Rehab Archives

How Next Generation Bionic Devices Will Help Everyone Trek Through Life

Prostheses and other body worn devices are changing how many people live and adapt to the world around us. Bionics, a field that applies biological concepts to building man-made devices, is revolutionizing not only how prostheses are built, but how we look at and interact with our bodies. Moreover, bionics may add new abilities to even those of us lucky enough to still have all our limbs intact.

Here’s Hugh Herr of MIT Media Lab’s Biomechatronics group showing off at TED what his and other laboratories around the world have been up to in the field of body-worn bionic devices. Make sure not to miss the wonderful final surprise act:

 

Link @ TED: Hugh Herr: The new bionics that let us run, climb and dance

Self-Designed Prosthetic Knee for Extreme Sports: Interview w/Mike Schultz, Biodapt Inc.

Self-Designed Prosthetic Knee for Extreme Sports: Interview w/Mike Schultz, Biodapt Inc.

Mike Schultz has always pushed himself to be the best he can achieve. He was living his dream as one of the top professional snowmobile racers and working his way up the ranks when an accident struck. He was thrown from his machine during a tough race, and a rough landing off his snowmobile resulted in an eventual amputation above the knee. But that didn’t stop Mike. He continued to chase his dream. Unfortunately, there were no prosthetic legs at that time that met his needs. So what did he do? He went ahead and designed his own, of course!

His friends at FOX, a company that makes shock absorbers and racing suspensions, lent him space in the machine shop, and with a few short lessons, he was able to manufacture and assemble the prototype “Moto Knee” himself. Then using his own creation, he went on to win multiple X-Games Gold Medals in the adaptive Snocross and Motocross classes.

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Virtual Reality Forest Project Creates Novel Environment for Dementia Patients, Caretakers (VIDEO)

Virtual Reality Forest Project Creates Novel Environment for Dementia Patients, Caretakers (VIDEO)

Video games have been used in a number of therapeutic applications, such as managing pain in burn victims and helping youngsters deal with depression. A new project in Australia is bringing together video game technology with gesture recognition and some other components to create a virtual reality interactive environment for dementia patients and their caretakers. The project is still in the development stage, and is looking for crowdsourced funds, but the video below shows off the current prototype that will eventually include a 10 m x 10 m projection screen, a touch display, and special lighting.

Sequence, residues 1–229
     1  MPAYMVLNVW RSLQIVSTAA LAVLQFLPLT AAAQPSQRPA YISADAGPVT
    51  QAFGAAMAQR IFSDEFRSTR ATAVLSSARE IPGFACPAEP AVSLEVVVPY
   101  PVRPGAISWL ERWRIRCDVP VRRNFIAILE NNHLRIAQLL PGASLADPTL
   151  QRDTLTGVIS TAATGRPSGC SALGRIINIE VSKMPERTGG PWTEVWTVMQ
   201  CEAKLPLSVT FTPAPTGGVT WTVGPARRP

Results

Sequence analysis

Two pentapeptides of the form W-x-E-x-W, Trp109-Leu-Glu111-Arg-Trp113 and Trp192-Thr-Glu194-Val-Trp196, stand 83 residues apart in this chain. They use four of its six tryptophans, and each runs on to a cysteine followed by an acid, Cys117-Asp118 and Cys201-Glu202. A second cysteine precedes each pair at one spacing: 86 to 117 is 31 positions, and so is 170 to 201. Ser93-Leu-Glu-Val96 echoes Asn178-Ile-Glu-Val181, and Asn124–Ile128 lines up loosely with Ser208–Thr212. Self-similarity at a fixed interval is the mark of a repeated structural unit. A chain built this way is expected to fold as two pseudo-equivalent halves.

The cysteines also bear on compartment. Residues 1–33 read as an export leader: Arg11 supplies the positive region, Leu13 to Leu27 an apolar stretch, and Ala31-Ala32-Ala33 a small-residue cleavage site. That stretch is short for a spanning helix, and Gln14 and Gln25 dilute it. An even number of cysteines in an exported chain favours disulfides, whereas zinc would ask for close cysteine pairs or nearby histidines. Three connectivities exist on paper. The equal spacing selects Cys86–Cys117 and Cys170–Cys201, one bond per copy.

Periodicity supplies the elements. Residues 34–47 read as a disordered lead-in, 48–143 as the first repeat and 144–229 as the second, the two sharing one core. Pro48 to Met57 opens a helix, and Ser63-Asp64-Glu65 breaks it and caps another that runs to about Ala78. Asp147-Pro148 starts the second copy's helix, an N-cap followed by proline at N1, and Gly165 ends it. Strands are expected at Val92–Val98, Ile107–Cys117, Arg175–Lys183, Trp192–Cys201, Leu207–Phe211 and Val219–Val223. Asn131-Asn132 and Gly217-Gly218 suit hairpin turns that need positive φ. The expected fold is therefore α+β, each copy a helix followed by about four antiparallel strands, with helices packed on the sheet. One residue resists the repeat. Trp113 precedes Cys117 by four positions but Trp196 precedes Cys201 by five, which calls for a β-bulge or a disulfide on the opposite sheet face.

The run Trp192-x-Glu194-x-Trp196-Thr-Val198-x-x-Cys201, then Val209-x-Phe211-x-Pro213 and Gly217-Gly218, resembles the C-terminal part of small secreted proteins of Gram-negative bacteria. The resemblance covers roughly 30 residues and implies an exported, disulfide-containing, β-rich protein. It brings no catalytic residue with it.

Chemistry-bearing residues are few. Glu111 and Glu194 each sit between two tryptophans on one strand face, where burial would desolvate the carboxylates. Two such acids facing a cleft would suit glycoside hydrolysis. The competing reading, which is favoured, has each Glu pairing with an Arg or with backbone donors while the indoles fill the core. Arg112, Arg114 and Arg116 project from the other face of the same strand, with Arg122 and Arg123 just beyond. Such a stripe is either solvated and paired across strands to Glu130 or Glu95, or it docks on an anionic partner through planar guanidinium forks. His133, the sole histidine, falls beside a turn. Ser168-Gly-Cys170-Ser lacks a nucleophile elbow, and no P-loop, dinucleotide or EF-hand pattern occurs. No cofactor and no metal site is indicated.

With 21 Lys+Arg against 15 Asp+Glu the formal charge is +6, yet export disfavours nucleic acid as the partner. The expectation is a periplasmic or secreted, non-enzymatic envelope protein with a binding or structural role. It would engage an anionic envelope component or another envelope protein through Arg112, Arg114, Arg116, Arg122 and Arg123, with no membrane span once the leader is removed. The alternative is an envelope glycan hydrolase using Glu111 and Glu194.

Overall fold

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Samsung Releasing Smartphone-Paired Technologies for Blind People

Samsung Releasing Smartphone-Paired Technologies for Blind People

Today’s smartphones have a surprising amount of technology built into them to help people do all sorts of things that were otherwise impossible not so long ago. Their brilliant screens are one of their greatest draws, but somewhat surprisingly at first, the technology within can be harnessed and expanded to help blind people navigate, “see” their environment in a new way, and communicate with others. Now Samsung is pushing the boundaries of what smartphones can do for blind people by releasing three new assistive devices that work with their Galaxy Core Advance phones.

The most exciting is perhaps the Ultrasonic Cover that works like a virtual white cane to spot objects ahead of the user. It will vibrate or use text-to-speech (TTS) to notify the user when something is within a couple meters of the cover. We’d have to see whether it detects street curbs, and so whether it would really be practical in real world situations. Nevertheless, the fact is that a smartphone with submarine-like object detection technology is here and it’s here to help blind people get around.

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Wheelchairhandles Make Pushing Wheelchairs Easier, More Comfy

Wheelchairhandles Make Pushing Wheelchairs Easier, More Comfy